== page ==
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Victoria Mahoney, the First Woman to Direct a Star Wars Film, Explains How She Got the Job

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The gang.
The gang.
Image: Disney/Lucasfilm

Victoria Mahoney made Hollywood history when she became the second unit director on Star Wars: The Rise of Skywalker, making her so far the first (and only) woman to direct anything on a Star Wars movie, placing her alongside a handful of directors on The Mandalorian as the only women to direct Star Wars media in general.

Now, thanks to a column Mahoney recently penned for the Hollywood Reporter, we have a clearer picture of how that hiring happened, and what its implications are for Hollywood’s systems for finding directors. In it, Mahoney explains that her ambitions were always to direct big franchise films, but that the industry itself stymied her.


“It’s no secret to my peer group I’d been trying to break into the studio-franchise realm for 10 years. Begging to simply get a meeting. Nada. Zilch. Nunca,” she explained.


That changed when J.J. Abrams, frustrated with the lists of directors he was receiving, reached out to a friend: Ava Duvernay.

Here’s what Mahoney said about that decision, and what it means for Hollywood:

As for J.J., after numerous, widely circulated, almost identical lists of directors had landed on his desk, he decided to do outreach calls of his own. When he phoned Ava DuVernay for her list, she said, “I happen to have a great list, J.J., but I’m not giving it to you. I’m giving you one name and one name only: Victoria Mahoney.”

In Hollywood’s four decades of making top-tier franchise films, no one other than J.J. has stepped out of traditional hiring practices to take a risk on an outlier like me to helm their second unit. Mind-blowing, right? Not one other filmmaker, producer or studio before him. Equally disturbing: No one else in that position of power has since.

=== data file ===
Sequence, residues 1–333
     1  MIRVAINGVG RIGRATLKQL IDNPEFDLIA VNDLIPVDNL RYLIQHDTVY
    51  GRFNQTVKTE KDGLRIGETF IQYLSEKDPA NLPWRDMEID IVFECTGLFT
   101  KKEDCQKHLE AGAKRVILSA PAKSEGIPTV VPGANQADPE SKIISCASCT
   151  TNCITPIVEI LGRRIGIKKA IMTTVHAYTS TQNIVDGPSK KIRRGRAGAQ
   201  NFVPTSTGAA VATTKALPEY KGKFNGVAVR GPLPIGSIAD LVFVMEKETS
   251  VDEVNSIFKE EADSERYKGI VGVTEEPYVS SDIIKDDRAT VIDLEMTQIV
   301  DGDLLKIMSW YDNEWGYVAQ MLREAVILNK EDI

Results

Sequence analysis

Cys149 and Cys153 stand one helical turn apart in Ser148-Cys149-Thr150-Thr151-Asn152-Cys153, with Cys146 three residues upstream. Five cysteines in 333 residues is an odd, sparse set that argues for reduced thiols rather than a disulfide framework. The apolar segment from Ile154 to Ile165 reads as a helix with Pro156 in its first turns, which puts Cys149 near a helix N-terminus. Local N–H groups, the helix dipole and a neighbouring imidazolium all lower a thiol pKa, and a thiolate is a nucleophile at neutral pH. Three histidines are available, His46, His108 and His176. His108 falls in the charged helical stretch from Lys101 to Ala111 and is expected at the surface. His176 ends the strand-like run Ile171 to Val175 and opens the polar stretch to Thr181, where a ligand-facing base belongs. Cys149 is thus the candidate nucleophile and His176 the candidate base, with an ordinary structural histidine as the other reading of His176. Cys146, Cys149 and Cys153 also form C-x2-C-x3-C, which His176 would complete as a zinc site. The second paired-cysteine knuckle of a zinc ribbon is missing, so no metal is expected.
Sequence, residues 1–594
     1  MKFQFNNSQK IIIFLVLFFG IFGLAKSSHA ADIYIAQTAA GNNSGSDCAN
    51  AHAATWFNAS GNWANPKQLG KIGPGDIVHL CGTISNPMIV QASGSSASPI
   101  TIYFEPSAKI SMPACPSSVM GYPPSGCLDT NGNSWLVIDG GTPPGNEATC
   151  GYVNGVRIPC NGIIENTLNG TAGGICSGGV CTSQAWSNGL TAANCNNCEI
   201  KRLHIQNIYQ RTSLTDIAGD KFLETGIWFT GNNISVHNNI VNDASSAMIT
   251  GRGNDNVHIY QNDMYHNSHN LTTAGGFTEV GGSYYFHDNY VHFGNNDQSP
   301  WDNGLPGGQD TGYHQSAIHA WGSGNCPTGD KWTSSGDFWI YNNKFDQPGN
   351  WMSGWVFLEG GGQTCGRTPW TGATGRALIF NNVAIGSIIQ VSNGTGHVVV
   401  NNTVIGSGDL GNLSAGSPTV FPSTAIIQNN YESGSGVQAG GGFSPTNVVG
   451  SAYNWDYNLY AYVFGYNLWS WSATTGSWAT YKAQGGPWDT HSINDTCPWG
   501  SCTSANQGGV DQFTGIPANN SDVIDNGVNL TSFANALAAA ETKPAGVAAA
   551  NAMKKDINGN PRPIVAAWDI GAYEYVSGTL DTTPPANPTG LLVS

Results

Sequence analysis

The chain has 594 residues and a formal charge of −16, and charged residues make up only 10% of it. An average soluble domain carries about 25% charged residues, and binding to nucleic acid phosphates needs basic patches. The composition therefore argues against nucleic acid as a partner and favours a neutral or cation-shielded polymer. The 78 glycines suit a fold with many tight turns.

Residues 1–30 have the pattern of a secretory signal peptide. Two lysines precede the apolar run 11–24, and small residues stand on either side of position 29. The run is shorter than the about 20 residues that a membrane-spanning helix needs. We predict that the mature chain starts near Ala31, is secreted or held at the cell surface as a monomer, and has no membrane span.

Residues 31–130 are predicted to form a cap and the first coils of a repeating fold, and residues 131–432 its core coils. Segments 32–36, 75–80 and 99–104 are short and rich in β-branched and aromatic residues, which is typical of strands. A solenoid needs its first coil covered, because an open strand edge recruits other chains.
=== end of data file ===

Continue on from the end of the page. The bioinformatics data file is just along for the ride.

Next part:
In the column, which is worth reading in its entirety, Mahoney goes on to explain how her hiring has inspired younger filmmakers, who now regularly want to talk to her about sci fi and their hope to direct these kinds of films one day. The message is clear: power and success can be used to serve other people, and those who succeed can pull up others around them. These efforts, Mahoney makes clear, are a way that Hollywood and industries like it can promote diversity, and should be the responsibility of those with the ability to make them.

It also goes to show how important representation behind the scenes is. When creators from marginalized groups are getting to make stuff, and getting paid to do it, everyone benefits.


Star Wars: The Rise of Skywalker hits theaters December 20th.

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